Points of Interest:
- See wet-weather waterfalls and interesting rock formations carved from ancient St. Peters sandstone.
- Keep your eyes and ears peeled for over 40 breeding bird species.
- See over a dozen natural community types supporting over 400 native plant species.
Natural Features Description:
Just an hour west of downtown St. Louis is a different world that seems far removed from the city. These hills forming the watershed of LaBarque Creek conserve a wide variety of aquatic and terrestrial life. LaBarque Creek supports 36 native fish species, including five native darters, making it the most diverse tributary to the Meramec River in the St. Louis area. Some of these colorful fishes indicative of good water quality include the rainbow darter, bleeding shiner and southern redbelly dace. Terrestrial natural communities range from desert-like sandstone glades with prickly pear cactus juxtaposed in close proximity to moist box canyons harboring species more common in Missouri during the last Ice Age, such as fir clubmoss and Forbes’ saxifrage. Both sandstone and dolomite outcrop here leading to the development of highly acidic soils to those nearly neutral in pH. This wide range of soil acidity levels means that there are many different niches for native plants. Some tolerate nutrient-poor acid soils such as the low bush blueberry while others such as green violet require base-rich, low acidity soils. Today Conservation Department staff are restoring the glades and woodlands using a combination of prescribed fire and thinning. In the spring look and listen for the blue-gray gnatcatcher and summer tanager in the dry woodlands high in the landscape. Down in the rich forested ravines you might spot an Acadian flycatcher or hear the song of the wood thrush. Along the creeks be on the lookout for the northern parula. Up on the wooded hills red-eyed vireos can be heard through the summer months.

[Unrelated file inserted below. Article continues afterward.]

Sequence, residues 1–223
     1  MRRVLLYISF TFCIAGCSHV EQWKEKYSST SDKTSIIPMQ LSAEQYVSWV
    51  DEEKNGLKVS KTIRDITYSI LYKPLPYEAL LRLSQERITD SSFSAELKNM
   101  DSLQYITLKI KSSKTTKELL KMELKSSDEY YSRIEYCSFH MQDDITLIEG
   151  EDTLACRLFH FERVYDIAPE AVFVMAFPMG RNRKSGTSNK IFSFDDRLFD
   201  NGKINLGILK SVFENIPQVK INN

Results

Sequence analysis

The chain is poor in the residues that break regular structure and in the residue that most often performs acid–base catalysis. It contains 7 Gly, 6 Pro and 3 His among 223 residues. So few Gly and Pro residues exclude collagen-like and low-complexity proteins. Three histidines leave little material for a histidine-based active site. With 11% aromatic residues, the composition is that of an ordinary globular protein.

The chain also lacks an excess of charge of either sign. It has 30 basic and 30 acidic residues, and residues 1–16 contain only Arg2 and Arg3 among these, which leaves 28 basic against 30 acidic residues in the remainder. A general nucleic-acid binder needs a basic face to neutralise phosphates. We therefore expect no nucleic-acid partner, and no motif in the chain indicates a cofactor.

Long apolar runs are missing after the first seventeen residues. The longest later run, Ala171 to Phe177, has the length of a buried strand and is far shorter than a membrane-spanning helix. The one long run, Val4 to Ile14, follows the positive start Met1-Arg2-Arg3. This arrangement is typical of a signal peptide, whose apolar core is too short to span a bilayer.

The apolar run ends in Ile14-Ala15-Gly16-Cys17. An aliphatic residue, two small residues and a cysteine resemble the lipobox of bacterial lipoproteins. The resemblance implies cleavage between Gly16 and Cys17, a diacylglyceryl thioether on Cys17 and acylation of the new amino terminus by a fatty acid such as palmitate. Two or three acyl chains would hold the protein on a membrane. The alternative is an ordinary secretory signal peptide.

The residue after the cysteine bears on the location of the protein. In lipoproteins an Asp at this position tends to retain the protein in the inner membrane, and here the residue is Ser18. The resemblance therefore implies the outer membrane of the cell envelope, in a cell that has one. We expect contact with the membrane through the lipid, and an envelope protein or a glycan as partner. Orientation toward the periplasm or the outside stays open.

This natural area is a part of the LaBarque Creek Conservation Area. From Eureka, take Highway W south for about 2 miles to Highway FF. At the “T” intersection go right (west) on to Highway FF. Proceed south on Highway FF for about 4.5 miles. Then turn left (south) on to Highway F. In about 100 feet turn right (west) on to Doc Sargent Road. Follow this west about 0.8 mile to Valley Drive. Turn left (south) on to Valley Drive and the parking area will be on your right (north) in a few hundred feet. A three mile hiking trail loop leads through the area. Hunting is permitted.